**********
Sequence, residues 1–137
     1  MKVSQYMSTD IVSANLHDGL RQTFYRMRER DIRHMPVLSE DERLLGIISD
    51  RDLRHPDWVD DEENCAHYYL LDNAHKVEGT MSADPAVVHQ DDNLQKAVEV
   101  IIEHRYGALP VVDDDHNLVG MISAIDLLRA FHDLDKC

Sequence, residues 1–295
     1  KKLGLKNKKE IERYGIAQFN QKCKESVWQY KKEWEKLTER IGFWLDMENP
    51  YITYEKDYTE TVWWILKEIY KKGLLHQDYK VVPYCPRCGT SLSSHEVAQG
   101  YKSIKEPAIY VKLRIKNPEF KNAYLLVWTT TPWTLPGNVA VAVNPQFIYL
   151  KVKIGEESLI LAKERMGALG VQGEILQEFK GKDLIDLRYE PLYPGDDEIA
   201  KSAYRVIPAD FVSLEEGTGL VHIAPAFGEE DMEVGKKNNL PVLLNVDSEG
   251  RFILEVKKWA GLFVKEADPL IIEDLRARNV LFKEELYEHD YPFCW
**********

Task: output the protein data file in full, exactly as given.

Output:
Sequence, residues 1–137
     1  MKVSQYMSTD IVSANLHDGL RQTFYRMRER DIRHMPVLSE DERLLGIISD
    51  RDLRHPDWVD DEENCAHYYL LDNAHKVEGT MSADPAVVHQ DDNLQKAVEV
   101  IIEHRYGALP VVDDDHNLVG MISAIDLLRA FHDLDKC

Sequence, residues 1–295
     1  KKLGLKNKKE IERYGIAQFN QKCKESVWQY KKEWEKLTER IGFWLDMENP
    51  YITYEKDYTE TVWWILKEIY KKGLLHQDYK VVPYCPRCGT SLSSHEVAQG
   101  YKSIKEPAIY VKLRIKNPEF KNAYLLVWTT TPWTLPGNVA VAVNPQFIYL
   151  KVKIGEESLI LAKERMGALG VQGEILQEFK GKDLIDLRYE PLYPGDDEIA
   201  KSAYRVIPAD FVSLEEGTGL VHIAPAFGEE DMEVGKKNNL PVLLNVDSEG
   251  RFILEVKKWA GLFVKEADPL IIEDLRARNV LFKEELYEHD YPFCW